Minstrel Banjo

For enthusiasts of early banjo

There was a brief discussion about female minstrel players back in 2011:
http://minstrelbanjo.ning.com/forum/topics/female-minstrel-players?...

but the thrust of the discussion was on names for banjos.  Female minstrel players have been a subject of interest to me for a couple of years.  

I thought I would share the things I have been able to find so far, hoping everyone else might have more to add

http://pds.lib.harvard.edu/pds/view/42593862

http://www.search.connectinghistories.org.uk/engine/resource/exhibi...


Clearer image of their poster
http://www.birmingham.gov.uk/cs/Satellite?c=Page&childpagename=...

 

Different version of their image
http://www.fotolibra.com/gallery/932803/advertisement-for-the-ameri...

There seems to be a published collection of the Female American Serenaders' music, but it is unavailable

http://www.amazon.co.uk/Ballads-Female-American-Serenaders-

Buffalo Gals  (scroll down to p 6)

https://www.slhf.org/sites/default/files/documents/TheBlackMinstrel...

Blackfaced women (playing tambourine) in mixed sex company

http://www.victorianlondon.org/entertainment2/minstrels.htm

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I knew there would be an occasion to re-post this cartoon from Punch.  I apologize if it offends anyone.   But it's Victorian humor about women, banjos, low-class entertainment, blackface--sort of equal opportunity lampooning.  The caption reads:  

"BLACK SYRENS - This is how the lovely and accomplished Miss B__ns [of __, Portland Place] managed to defray the expenses of their Sea-side Trip, this Autumn, without anybody being any the wiser!"

During the earlier discussion, I spent a fair amount of time searching for evidence of female minstrels during the antebellum period.   There were, in fact, female banjo players in the 1850s-1860s period--the most famous being Lotta Crabtree who learned the art, at least in part, from the minstrel Joe Taylor during her youth in California.   And if you don't know who Joe Taylor is, I heartily recommend his book "Joe Taylor, Barnstormer:  His Travels, Troubles and Triumphs During Fifty Years in Footlight Flashes" (1913; reprinted recently in paperback).   It's one of the best descriptions of the scuffling life of a small-time minstrel banjoist.

As for actual female minstrels:  I think there were few if any during the classic period of minstrelsy before 1860.  At least I haven't run into any, apart from the alleged Female American Serenaders in Britain.  My strong hunch is that the latter were men in women's dress, much like the "wench dancers" who were part of nearly every minstrel performance during the early period.  And for the record, I hope that that  part of early minstrelsy isn't recreated by modern reenactors!    

My research is in agreement with what Bob has posted.  While I've found references to female banjo players, I've only come across a single reference about a female minstrel.  It was from a review of a performance by Buckley's Serenaders if I recall correctly, and the woman's act seems to have been more of a gimmick than anything else.  She reportedly came out on stage in blackface, which horrified the crowd and the reviewer, who thought the show had become too "grotesque".  She was only on stage briefly and the rest of the performance was more agreeable with the reviewer.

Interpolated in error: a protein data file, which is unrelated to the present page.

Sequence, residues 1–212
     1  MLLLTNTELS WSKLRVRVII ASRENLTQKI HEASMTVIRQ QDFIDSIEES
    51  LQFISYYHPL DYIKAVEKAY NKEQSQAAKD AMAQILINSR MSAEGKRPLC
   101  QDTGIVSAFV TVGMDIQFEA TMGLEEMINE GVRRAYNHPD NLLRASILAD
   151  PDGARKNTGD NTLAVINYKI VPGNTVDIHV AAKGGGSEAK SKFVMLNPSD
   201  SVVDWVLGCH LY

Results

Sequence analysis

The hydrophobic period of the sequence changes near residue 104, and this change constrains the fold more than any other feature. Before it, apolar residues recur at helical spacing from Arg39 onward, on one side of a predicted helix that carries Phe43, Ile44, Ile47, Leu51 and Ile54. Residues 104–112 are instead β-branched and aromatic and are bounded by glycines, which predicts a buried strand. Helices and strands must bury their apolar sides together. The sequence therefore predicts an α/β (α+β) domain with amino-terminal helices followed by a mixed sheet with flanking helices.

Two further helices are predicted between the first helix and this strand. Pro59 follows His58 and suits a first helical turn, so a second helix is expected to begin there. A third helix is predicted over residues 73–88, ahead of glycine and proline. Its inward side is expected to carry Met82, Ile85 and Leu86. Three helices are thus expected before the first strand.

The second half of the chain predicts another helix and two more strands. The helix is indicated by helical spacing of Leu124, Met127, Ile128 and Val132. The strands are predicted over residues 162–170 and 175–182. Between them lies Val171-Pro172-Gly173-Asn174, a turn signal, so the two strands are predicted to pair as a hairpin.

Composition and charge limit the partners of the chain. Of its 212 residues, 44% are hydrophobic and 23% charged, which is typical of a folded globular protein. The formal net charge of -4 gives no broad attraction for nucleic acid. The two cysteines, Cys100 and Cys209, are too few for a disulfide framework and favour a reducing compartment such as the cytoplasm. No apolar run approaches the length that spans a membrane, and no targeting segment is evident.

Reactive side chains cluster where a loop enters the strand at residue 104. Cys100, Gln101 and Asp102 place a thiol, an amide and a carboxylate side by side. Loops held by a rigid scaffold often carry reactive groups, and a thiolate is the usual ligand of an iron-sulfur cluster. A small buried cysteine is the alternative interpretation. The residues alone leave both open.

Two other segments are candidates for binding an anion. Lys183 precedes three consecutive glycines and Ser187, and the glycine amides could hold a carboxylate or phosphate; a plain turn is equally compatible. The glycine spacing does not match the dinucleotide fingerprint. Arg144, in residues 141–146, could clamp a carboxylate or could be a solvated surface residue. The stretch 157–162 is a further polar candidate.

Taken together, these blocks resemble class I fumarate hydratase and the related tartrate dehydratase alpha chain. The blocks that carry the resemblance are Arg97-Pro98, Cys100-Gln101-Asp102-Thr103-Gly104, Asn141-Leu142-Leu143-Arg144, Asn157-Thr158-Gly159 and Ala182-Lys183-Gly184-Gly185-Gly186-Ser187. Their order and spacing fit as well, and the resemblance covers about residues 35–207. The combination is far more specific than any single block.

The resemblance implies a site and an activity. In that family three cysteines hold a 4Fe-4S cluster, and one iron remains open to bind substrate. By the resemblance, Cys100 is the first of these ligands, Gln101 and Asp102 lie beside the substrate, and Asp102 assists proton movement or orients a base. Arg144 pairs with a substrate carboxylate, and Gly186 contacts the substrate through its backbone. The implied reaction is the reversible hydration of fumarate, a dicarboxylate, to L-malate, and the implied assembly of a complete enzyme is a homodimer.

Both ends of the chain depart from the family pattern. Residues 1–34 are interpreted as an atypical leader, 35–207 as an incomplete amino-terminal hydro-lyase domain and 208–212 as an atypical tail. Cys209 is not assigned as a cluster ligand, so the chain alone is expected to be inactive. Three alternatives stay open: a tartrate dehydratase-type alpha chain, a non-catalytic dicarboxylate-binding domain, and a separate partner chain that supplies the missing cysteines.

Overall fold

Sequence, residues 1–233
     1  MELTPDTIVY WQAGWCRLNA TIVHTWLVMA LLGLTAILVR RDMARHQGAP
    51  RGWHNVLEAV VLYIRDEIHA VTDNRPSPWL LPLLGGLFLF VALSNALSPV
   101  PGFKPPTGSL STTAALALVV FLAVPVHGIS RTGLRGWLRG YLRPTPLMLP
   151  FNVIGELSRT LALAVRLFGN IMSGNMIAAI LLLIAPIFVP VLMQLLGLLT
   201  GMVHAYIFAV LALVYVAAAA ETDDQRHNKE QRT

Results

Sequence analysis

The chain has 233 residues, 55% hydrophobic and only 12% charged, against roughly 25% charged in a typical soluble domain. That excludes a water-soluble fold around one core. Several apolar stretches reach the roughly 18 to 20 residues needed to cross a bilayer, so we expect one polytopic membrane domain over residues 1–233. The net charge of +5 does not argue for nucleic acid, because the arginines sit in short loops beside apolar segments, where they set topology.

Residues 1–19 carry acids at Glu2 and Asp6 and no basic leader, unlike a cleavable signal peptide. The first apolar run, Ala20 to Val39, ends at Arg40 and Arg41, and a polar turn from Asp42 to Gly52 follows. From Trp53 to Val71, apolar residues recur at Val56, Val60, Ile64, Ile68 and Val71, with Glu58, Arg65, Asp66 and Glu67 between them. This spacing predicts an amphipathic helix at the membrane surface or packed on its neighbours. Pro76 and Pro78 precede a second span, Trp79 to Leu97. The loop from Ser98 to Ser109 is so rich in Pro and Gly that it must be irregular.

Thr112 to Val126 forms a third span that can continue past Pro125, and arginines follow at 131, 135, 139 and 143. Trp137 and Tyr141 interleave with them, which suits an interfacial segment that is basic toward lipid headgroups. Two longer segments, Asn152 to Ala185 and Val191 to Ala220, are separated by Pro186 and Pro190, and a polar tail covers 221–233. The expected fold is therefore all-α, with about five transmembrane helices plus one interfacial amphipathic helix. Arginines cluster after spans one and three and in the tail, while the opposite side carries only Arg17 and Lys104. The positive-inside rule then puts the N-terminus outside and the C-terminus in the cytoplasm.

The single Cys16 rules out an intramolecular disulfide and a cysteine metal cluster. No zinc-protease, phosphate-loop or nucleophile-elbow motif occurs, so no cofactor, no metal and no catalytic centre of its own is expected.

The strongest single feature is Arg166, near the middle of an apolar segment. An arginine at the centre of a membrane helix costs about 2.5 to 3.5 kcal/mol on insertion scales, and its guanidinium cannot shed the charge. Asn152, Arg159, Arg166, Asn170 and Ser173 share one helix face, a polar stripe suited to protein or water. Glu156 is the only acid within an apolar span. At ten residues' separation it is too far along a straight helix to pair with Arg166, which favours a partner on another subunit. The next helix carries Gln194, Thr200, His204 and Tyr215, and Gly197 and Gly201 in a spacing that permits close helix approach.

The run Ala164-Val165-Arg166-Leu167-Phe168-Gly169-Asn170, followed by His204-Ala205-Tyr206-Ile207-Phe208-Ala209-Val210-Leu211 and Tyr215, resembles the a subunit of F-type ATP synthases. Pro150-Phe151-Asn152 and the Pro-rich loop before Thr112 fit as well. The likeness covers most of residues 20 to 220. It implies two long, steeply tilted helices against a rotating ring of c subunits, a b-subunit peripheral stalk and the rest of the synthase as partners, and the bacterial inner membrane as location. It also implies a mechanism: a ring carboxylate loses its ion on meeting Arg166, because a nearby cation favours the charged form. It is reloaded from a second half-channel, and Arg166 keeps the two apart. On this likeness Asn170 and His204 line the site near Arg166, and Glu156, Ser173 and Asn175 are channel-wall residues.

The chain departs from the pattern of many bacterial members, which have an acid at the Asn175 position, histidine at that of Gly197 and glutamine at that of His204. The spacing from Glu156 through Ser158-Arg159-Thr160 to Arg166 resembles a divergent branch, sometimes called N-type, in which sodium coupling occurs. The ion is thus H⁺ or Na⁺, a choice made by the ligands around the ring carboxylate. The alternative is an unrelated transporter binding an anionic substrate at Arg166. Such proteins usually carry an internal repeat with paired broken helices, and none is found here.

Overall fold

A thought I had while reading this thread concerned the popularity of male impersonators of women.  These minstrels were some of the highest paid and most popular performers, especially after the Civil War.  Maybe their popularity explains the lack of demand for female minstrels? 

I too suspect that mostly men were playing the parts of ladies in minstrel shows.  But I'm no researcher.  The links Wes gave here - at least one mentions that they were perhaps actually men.  John- did you get the impression from that review that the audience was 'horrified' simply due to the fact that she was a real woman, or because it was a woman wearing blackface makeup to appear as a black person?  Or one aspect more than the other?  Can you quote that review here?

I'd need to find it again.  I read it a long time ago, and in retrospect I should have saved a copy when I did.  I couldn't what aspect of the performance made it so unpopular, but if I were to take an educated guess I'd say it would have been both the facts you mentioned.  Given the time period, I imagine it would have been pretty radical and inappropriate for a woman to appear on stage with a minstrel troupe, and the fact that she was blacked up probably made it even more inappropriate.

In Blacking Up: The Minstrel Show In 19th Century America by  Robert Toll, there is a section that talks about minstrels doing impressions of women in the late minstrel era.  You might be interested in it, especially since it was apparently a popular with women.  Many of these performers had perfected female singing voices, wore the latest fashions of the day, and had the demeanor and behavior a proper lady was expected to have.  Audiences raved that the best performers were so ladylike that they couldn't tell they were men, and these top performers were also well known for their singing ability. 

Many of these performers had perfected female singing voices, wore the latest fashions of the day, and had the demeanor and behavior a proper lady was expected to have.  Audiences raved that the best performers were so ladylike that they couldn't tell they were men, and these top performers were also well known for their singing ability.

Like this amazing modern singer Luc: http://youtu.be/QE6AscIZW9M

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